Workers have resumed operations at Venezuela's biggest refinery, a week after an explosion that killed 42 people, the state-owned oil company PDVSA said.
"Operational activities have resumed safely and gradually," said Jesus Luongo, a PDVSA director who heads the Paraguana refining complex, noting that the refinery was ramping up output, initially processing 160,000 barrels on Friday.
Firefighters struggled for days to put out the blaze triggered by a gas leak at the Amuay refinery, which produces 645,000 barrels per day at normal capacity.
At least 20 members of a national guard unit assigned to protect the facility were killed, along with some members of their families, and about 500 homes were damaged in the blaze.
The refinery is located in a residential and commercial complex where workers live with their relatives and poor families who settled in surrounding neighbourhoods.
The accident was the worst in the history of the oil industry in Venezuela, which has the largest oil reserves in the world. Its reserves, which the government estimates at 297.57 billion barrels, surpass those of Saudi Arabia, which has the biggest refining capacity.
The disaster has prompted questions about whether Petroleos de Venezuela SA has neglected maintenance while funneling its revenues into social programmes run by President Hugo Chavez's socialist government.
During his visit to Amuay on Sunday, President Chavez said it was too early to speculate the cause of the blast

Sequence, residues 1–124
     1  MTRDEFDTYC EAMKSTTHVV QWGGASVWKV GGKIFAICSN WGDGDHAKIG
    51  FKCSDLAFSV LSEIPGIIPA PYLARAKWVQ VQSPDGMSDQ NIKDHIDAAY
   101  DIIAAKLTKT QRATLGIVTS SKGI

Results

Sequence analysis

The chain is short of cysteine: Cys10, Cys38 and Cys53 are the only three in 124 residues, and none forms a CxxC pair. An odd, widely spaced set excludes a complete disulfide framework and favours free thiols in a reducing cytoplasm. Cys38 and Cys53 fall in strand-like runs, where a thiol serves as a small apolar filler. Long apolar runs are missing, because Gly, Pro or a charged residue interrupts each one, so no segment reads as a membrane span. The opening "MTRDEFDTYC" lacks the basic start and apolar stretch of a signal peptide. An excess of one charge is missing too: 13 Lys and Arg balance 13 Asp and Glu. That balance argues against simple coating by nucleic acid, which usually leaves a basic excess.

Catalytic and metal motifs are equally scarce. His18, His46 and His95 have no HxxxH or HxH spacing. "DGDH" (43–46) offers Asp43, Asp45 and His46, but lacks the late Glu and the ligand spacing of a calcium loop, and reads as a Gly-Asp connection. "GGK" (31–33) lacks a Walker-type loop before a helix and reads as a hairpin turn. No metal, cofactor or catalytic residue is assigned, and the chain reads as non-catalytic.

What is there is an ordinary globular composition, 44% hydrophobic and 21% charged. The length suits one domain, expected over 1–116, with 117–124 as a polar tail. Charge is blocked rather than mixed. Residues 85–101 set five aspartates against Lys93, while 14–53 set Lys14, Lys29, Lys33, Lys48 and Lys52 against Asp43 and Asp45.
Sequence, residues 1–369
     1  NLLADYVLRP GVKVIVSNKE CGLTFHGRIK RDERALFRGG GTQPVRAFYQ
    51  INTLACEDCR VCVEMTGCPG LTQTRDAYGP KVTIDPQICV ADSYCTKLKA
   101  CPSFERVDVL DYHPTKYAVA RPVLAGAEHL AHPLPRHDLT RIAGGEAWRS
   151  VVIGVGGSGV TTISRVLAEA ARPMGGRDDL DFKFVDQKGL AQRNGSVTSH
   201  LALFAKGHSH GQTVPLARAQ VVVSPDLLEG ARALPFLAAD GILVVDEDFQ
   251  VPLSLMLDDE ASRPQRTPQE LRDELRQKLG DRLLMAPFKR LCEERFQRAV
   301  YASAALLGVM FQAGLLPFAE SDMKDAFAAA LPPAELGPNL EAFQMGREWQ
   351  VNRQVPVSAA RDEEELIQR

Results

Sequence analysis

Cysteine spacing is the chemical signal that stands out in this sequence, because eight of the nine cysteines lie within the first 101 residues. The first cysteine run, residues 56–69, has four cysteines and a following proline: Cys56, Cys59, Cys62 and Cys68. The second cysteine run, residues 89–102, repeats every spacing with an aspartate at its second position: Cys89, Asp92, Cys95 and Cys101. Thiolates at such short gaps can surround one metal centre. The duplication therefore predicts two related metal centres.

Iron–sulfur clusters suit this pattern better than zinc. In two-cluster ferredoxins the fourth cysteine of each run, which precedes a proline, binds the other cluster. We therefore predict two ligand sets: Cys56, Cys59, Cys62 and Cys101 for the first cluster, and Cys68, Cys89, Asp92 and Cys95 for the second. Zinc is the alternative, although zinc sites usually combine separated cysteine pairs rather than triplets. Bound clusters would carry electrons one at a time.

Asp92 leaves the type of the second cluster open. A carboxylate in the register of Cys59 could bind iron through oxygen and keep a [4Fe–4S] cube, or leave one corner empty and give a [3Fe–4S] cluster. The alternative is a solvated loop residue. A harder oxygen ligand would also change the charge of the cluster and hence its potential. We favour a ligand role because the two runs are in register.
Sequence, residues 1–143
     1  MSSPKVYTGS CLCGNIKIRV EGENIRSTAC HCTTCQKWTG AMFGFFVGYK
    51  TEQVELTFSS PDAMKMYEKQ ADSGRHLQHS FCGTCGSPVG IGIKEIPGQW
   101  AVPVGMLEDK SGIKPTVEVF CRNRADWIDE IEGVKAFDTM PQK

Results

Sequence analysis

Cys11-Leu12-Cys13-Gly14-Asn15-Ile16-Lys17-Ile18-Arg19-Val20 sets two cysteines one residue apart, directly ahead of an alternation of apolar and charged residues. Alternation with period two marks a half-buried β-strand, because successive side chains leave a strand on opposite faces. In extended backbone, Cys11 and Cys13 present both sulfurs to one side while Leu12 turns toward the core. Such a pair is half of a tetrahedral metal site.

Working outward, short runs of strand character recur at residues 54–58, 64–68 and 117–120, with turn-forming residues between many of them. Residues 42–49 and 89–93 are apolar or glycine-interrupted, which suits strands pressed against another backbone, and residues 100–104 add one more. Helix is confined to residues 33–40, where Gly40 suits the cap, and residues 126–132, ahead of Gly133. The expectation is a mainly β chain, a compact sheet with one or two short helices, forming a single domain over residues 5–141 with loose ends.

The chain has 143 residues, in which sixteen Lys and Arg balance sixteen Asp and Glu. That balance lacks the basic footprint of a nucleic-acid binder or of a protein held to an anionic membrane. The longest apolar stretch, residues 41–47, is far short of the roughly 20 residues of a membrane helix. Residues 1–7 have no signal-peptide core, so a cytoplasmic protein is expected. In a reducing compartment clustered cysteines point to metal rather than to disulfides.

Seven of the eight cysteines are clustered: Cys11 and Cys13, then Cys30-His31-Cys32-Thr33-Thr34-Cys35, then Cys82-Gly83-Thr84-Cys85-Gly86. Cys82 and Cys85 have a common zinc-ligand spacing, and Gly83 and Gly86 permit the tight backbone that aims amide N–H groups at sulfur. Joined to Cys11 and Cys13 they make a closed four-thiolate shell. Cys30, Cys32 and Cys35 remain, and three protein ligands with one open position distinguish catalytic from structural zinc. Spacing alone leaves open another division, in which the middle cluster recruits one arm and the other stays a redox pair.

A document published on Thursday by two national Venezuelan newspapers said that months before the explosion, a study by engineers had found failures in the complex's maintenance and listed dozens of accidents.
The report was prepared in March by RJG Risk Engineering for the international insurance company QBE.
The study said there had been 222 accidents at the Paraguana Refining Center last year. It said 100 of those involved fires, and 60 were breaks and leaks in pipes that carry combustible liquids.
Critics have said that in addition to refinery failures from delayed maintenance, PDVSA's operations have also suffered from the firing of nearly 18,000 oil workers in 2003, about 45 per cent of the payroll, after they joined a strike called by Chavez's political opponents to press demands that the president resign.
In recent years, Chavez's government has increasingly used a share of earnings from PDVSA to fund social programmes known as "missions". Its contributions to such programmes rose from less than $1.6bn in 2004 to $10.4bn last year.
Oil Minister Rafael Ramirez has said Venezuela has plenty of fuel on hand to meet domestic demand in the aftermath of the disaster and will not have to increase imports, but he has not discussed the possible financial impacts for the state oil company.